### Re: What effect can solar flares have on thunder storms

Date: Mon Jul 17 18:57:18 2000
Posted By: Jason Goodman, Graduate Student, Massachusetts Institute of Technology
Area of science: Astronomy
ID: 961022755.As
Message:

Sorry for the delay: my browser crashed while I was proofreading the first version of this answer.

If I understand your reasoning, you're saying that since solar flares affect the electrical power grid, and lighning is a flow of electricity, then maybe solar flares affect lightning. A good idea. To test it, we need to know how solar flares affect the power grid.

The sun undergoes an 11-year cycle of activity. During the "active" period, the sun has many flares, sunspots, and other features. During the "quiet" period, it does not. During the active period, the sun is about 0.1% brighter than usual, and flings off streamers of ionized gas. These streamers ("coronal mass ejections") are flung away from the Sun; some of them strike the Earth's magnetic field, causing changes in the field (a "geomagnetic storm"). These changes are about 1% of the total strength of Earth's magnetic field, and take place over a few minutes. The changes in the Earth's field affect the electricity flowing through power lines that cover the continents: voltages are induced which can damage electrical equipment, causing blackouts.

The voltage induced in a conductor (like a copper wire or lightning bolt) by changes in a magnetic field depends a great deal on the length of the conductor, or the area enclosed by a loop of it. I made a very rough calculation which says that the voltages created in the North American power grid during a typical geomagnetic storm might be 50,000 volts. (The uncertainty here is a factor of 10 or more). This is a substantial fraction of the 400,000 volts at which the nationwide power grid usually operates.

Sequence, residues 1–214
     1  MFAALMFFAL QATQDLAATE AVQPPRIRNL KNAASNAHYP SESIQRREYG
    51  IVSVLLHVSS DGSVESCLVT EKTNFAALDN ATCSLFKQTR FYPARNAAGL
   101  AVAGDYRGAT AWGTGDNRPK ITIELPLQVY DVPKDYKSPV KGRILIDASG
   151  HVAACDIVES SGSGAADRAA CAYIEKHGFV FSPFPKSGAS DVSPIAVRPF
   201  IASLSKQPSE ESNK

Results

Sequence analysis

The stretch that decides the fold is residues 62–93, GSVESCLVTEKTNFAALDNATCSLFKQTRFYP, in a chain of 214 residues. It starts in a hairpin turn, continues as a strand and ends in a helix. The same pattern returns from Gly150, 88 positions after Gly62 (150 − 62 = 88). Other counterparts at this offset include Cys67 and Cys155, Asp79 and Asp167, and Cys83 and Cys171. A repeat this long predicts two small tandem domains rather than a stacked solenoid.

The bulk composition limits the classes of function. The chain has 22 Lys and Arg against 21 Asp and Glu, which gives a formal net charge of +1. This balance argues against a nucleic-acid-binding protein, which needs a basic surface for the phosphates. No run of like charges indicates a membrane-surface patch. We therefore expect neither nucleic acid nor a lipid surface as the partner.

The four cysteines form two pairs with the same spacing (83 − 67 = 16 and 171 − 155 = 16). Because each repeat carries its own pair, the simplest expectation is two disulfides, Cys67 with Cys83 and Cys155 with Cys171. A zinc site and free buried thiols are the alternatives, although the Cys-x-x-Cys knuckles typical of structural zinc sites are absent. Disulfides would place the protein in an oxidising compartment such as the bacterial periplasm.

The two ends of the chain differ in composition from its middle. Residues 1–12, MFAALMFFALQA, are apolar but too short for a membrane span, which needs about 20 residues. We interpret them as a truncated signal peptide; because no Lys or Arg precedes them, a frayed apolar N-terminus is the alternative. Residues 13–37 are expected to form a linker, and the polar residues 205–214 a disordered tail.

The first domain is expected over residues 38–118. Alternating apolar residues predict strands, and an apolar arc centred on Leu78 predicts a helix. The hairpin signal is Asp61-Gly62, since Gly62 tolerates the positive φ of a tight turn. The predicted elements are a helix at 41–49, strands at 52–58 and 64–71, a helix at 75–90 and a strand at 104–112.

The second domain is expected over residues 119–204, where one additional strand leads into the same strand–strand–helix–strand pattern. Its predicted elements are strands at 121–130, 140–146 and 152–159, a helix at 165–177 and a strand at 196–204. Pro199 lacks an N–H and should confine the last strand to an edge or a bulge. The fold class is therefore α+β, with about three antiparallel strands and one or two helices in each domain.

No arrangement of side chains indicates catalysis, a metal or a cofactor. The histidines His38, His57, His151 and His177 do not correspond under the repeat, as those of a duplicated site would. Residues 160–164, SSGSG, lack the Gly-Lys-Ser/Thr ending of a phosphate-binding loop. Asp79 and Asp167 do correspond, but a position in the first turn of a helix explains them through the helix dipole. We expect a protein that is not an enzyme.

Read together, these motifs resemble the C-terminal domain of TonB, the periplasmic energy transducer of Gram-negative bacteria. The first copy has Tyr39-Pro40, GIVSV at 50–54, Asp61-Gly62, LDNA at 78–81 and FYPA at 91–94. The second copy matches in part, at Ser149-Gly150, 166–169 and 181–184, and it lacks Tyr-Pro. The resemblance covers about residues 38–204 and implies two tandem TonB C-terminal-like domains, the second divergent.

A lightning bolt is much smaller, so the voltages created will be much smaller. It's difficult to estimate how much smaller, because a lightning bolt is a very different sort of conductor than a loop of wire, but I estimate that a geomagnetic storm could cause changes of 100 volts at most across the bolt, possibly hundreds of times smaller. This is a tiny fraction of the many millions of volts normally bridged by a lightning bolt, so I expect that solar flares will have little effect on lightning.

Another way to look at your question is to note that the sun is brighter by 0.1%, realize that this causes the atmosphere to heat up, and ask whether this could generate more thunderstorms. I think this is unlikely. The change in brightness is tiny, so we would expect only a very small effect. In addition, the 0.1% more energy received by the earth is tiny compared to other changes in the Earth's heat budget, such as the Greenhouse Effect and changes in land surface due to human activity. The majority of climate scientists agree that changes in sun brightness don't have much effect

However, some people disagree with me. Two web sites with dissenting opinions are Solar activity: A dominant factor in climate dynamics, and The Unity of the Sun, Earth, and Moon. The second site is essentially useless pseudoscientific babble, as far as I can tell -- it does not cite its sources, and confuses basic scientific concepts (such as units of measurement). The first is better written, but cites papers which suffer from several basic errors in data analysis. (Details upon request.)

The effect of solar activity on Earth's climate has a long and dubious history in climate dynamics. During the 1800's, there was a "sunspot mania", in which incorrect statistical techniques were used in hundreds of papers to conclude that the solar activity cycle influenced everything from rainfall in the U.S. to crop yields in France. Most of these papers were found to be flawed, and most scientists are now extremely skeptical about claims like those made in the papers cited above.

As an example of how how easy it is to come to incorrect conclusions when looking for solar influences on earthly phenomena, check out the figure below. It shows an almost perfect match between the number of sunspots and the number of Republicans in the U.S. Senate, over a 20-year period. Does that mean that sunspots are influencing politics? Or vice versa? Since the peaks and valleys of sunspot number lie a few years ahead of the peaks of Republicans, can we use sunspots to predict elections? Of course not!

If you'd like more information about some of the stuff I've skimmed over, like the induced voltage calculations, or the statistical errors in the "Solar activity effect on climate" paper, or anything else, e-mail me.

Sources:
Kivelson and Russell: "Introduction to Space Physics". High-level information about solar flares and geomagnetic storms.
Geomagnetic Storms, a good description of how geomagnetic storms influence electrical power systems.
Another good site on geomagnetic storms and power systems